Wilmington and Morehead City) is considered adequate, with access to the ports by common
carrier or rail. From Williamston in Martin County, it is 130 miles to Norfolk, 120 miles to
Wilmington, and 80 miles to Morehead City.

E. Other

        There are, of course, locational advantages and disadvantages for the Mid-East Region
other than transportation access alone. For some, the very isolation of the Region from the
beaten path makes it an ideal location to vacation, to live, and occasionally even to conduct
business; the Region is rich in history and has excellent water-based outdoor activities. The
Region is rated "excellent for peace and quiet." On the other hand, this isolation sometimes

results in the loss of access to social and cultural opportunities and to specialized advanced
medical procedures.

 VII. Assessment of the Area

       The economic development assessment of the Mid-East Region can be directly stated
through a Strengths, Weaknesses, Opportunities and Threats (SWOT) analysis as follows:

A. Strengths

       The productivity and ongoing training of the work force.
       The leisurely and quiet life style as a contributor to the quality of life.
       Land is cheap to lure new employers as a "traditional" attraction strategy.
       Rail freight services in all five Counties.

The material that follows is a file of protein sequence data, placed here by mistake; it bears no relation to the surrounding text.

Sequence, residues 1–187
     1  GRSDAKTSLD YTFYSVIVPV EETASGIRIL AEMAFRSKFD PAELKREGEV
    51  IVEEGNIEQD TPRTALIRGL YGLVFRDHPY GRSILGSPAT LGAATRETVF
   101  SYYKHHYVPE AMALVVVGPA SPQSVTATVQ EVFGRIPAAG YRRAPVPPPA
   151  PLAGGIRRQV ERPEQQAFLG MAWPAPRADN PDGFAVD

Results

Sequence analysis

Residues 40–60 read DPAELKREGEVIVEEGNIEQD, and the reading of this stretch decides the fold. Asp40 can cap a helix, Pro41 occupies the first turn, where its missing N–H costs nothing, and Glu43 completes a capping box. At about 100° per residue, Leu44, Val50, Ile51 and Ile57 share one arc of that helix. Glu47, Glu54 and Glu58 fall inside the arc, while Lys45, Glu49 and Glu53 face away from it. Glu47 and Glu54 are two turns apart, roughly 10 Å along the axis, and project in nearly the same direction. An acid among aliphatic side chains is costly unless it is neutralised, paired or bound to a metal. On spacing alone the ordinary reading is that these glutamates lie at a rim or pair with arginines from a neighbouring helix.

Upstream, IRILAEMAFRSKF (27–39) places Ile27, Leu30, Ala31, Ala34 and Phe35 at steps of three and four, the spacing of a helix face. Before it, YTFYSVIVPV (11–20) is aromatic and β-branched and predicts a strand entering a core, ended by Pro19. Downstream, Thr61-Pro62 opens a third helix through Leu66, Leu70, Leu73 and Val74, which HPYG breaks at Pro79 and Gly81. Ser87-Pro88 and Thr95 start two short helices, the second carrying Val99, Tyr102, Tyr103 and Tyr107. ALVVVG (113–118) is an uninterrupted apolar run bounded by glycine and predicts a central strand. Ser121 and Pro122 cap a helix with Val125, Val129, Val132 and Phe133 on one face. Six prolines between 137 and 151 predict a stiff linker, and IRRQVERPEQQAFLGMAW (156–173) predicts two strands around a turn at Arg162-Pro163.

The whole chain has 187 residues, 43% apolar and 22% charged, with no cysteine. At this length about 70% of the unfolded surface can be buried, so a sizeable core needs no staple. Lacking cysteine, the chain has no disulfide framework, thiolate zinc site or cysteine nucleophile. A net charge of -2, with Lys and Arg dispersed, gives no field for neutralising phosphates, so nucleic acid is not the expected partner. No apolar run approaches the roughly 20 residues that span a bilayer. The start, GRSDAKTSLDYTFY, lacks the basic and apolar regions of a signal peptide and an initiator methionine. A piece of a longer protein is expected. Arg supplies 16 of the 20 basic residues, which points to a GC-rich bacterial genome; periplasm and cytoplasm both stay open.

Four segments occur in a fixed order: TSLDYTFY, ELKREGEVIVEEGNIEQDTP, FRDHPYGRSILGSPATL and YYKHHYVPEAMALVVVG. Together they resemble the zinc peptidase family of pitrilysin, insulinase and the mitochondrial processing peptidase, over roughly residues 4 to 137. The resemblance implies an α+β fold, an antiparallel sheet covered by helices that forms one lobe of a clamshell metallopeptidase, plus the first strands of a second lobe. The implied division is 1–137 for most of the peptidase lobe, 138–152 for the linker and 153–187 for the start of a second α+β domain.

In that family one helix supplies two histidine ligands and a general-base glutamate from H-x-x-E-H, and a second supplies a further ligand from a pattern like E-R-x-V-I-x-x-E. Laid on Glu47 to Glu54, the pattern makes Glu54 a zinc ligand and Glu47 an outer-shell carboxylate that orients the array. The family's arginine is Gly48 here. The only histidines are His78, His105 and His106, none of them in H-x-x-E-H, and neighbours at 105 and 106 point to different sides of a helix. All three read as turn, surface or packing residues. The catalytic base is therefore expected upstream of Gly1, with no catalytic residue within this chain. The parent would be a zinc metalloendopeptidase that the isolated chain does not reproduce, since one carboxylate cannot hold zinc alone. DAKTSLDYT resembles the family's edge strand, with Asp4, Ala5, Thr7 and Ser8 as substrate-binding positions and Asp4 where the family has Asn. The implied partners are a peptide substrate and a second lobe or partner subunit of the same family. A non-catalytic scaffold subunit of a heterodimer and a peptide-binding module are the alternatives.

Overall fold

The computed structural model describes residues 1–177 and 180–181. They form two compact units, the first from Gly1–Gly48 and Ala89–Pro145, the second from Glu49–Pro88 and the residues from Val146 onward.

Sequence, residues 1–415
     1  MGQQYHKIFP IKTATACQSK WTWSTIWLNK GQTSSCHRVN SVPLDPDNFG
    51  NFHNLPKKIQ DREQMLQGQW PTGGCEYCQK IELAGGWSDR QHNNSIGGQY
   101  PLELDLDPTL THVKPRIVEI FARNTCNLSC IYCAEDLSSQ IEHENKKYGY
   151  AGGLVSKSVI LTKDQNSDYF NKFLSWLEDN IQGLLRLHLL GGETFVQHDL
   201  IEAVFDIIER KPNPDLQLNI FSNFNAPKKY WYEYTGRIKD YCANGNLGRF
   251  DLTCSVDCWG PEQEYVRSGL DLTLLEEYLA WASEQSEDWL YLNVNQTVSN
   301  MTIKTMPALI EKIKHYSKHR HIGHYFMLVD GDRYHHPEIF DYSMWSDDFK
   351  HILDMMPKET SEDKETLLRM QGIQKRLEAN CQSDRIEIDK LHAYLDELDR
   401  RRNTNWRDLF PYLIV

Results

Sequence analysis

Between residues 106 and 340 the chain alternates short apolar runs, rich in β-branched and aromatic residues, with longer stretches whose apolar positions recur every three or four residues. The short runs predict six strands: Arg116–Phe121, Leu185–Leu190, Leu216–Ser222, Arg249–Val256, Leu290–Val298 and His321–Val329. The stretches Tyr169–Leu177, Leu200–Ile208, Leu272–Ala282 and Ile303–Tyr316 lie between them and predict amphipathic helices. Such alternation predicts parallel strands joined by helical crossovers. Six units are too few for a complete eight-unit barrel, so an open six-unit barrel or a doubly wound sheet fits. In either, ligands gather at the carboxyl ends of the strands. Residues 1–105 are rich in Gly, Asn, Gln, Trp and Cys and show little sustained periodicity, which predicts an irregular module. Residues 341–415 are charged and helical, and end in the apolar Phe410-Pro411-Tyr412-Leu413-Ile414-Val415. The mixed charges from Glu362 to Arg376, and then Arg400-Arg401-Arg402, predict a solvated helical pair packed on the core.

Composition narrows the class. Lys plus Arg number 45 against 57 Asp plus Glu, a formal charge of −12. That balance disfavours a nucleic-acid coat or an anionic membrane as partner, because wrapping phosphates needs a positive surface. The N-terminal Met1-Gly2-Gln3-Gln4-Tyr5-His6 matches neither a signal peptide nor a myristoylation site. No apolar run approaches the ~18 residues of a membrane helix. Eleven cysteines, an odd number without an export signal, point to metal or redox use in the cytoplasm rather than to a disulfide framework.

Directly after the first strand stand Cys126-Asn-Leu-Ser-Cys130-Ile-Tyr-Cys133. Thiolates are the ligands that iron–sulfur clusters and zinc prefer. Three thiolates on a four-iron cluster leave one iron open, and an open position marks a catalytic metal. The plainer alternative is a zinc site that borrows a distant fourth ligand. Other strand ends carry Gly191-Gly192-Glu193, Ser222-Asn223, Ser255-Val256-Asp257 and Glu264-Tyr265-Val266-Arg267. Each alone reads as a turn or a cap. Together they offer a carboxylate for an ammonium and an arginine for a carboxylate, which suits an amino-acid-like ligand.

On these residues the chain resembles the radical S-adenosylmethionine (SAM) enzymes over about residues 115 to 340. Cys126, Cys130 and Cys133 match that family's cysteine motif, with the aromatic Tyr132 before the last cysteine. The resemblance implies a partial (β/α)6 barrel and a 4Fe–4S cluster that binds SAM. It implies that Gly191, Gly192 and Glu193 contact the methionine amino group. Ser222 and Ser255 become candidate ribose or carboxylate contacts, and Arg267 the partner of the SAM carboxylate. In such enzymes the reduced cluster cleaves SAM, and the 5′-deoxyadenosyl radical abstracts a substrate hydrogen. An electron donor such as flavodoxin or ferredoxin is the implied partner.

    Higher education and employment-related training at four Community Colleges and at
        East Carolina University.
       Natural resources utilized to support manufacturing and mining jobs, some of which
        are high wage jobs.
       High paying jobs exist in industries not supported by local natural resources such as
        Health Care, Transportation, Machinery, and Pharmaceuticals & Chemicals.
       Manufacturing and Health Care employment in the Region represents a higher
        percentage of total employment than at the State and National levels.
       Small town sense of community and personal identity contributes to the quality of life.
       University Health Systems, Brody School of Medicine and Martin General Hospital.
       Water-based natural environment as a potential recreational tourism draw.
       Pitt County's development as a technology- and medically- based, and
        research-supported Growth Center.
       Industrial development incentives from the State Department of Commerce.
       Regional Transportation Planning Organizations (RPO) are operational.
       Intercoastal Waterway bisects the Region for both tourism and commercial/industrial

B. Weaknesses

      Jet service is needed for better air passenger service.
      High number of medically uninsured and indigent population
      Poor major highway access in all directions.
      Average public educational achievement lags behind North Carolina averages,